Coaches want to keep it clean

Stanford and Connecticut feature some of the most gifted scorers in the country, but neither team is afraid to play a little defense. AP Photo/Jessica Hill

They might play on opposite sides of the country, led by coaches with distinctly contrasting styles, but Stanford and Connecticut -- which meet as the top two teams in the country again Saturday at 4 p.m. ET (ESPNU, ESPN3) -- have one very important thing in common: an affinity for players who can put the ball in the basket.

"I think we both value offensively skilled players," Stanford coach Tara VanDerveer said. "We both work hard at the defensive end, but I think we both really emphasize playing with a purpose -- passing and shooting."

At this point in the season, on the cusp of conference play, the Huskies and the Cardinal are, predictably, among the top scoring teams in the country. Connecticut ranks third at 85.3 points per game. Stanford is 12th at 78.6. They rank No. 1 and No. 3 respectively in field goal percentage, both shooting well above 50 percent as a team.

Connecticut coach Geno Auriemma said both programs are "fortunate" to be able to recruit players with strong offensive skills.

"Not every program is capable of recruiting the offensive players that we can recruit at Stanford and Connecticut, and that gives us an advantage," Auriemma said. "We can go out and attract the best offensive players in the country.

"Teams can't build their teams around defense because they are not skilled enough on the offensive end. That's one of the things that needs to continue to grow in the women's game. More teams have to value putting the ball in the basket."

That being said, neither coach is expecting triple digits from their Saturday showdown.

"Saturday, you have two of the best offensive teams in the country," Auriemma said. "Hopefully, the fans will get a chance to see that. That's not to say we're going to see who can win 110-109."

VanDerveer believes the game should be showcasing those offensive abilities, not literally tamping them down with brutal, body-jarring physical play. The Cardinal are coming off their most physical game of the year at South Carolina last week.

VanDerveer has always been vocal about her belief that rough play takes away from the game and leads to significant injuries, already pervasive in the women's game.

Rough, she would tell you, is not the same as tough. She certainly wants her teams to be physically and mentally tough on the floor.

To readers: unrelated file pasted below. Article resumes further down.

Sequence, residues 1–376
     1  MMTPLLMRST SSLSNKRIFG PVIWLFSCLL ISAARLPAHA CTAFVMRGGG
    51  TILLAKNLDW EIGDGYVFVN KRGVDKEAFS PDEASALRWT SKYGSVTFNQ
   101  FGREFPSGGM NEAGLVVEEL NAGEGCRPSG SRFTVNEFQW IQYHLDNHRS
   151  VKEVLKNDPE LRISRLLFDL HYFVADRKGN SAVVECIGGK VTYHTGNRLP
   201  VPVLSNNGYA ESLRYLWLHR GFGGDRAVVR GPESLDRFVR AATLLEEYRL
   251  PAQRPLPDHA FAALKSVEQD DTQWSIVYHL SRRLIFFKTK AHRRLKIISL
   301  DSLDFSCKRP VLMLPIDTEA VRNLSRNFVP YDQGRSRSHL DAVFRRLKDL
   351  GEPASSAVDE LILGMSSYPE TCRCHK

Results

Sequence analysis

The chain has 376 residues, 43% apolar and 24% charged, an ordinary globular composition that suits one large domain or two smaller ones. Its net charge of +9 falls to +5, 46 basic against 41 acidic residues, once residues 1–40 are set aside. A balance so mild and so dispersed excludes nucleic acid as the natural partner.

"Philosophically, I think basketball is different than wrestling and football and hockey," VanDerveer said. "I think there is a place for physical play, but not at the expense of seeing the athleticism and skill that our team has. We've never said we'll beat you up instead of beating you at basketball.

"I don't know what other styles people play, but I personally feel the game has become too physical. It doesn't highlight the great skill of our female players that people are paying good money to come and watch. From my point of view, [Saturday's game] will be a basketball game."

Auriemma chuckled at that idea.

"That's good to hear, because last time we were here I thought we needed helmets," Auriemma said. "That was one of the more physical games that was played last year."

But in truth, it's another thing on which VanDerveer and Auriemma agree.

"The game of women's basketball has to be played differently than men's basketball," Auriemma said. "I always laugh when the people that run women's basketball want to showcase our physicality. I don't know that that serves any purpose. You want to showcase putting the ball in the basket. That's what attracts fans. That's what makes the game enjoyable to watch.

"We are very good defensive teams. We wouldn't be in the positions we are in if we weren't. But we try to make scoring and scoring often a priority in our programs. … notwithstanding the 20-12 half we played in the national championship game [in 2010 in San Antonio]. I remember all 12 of those points. ..."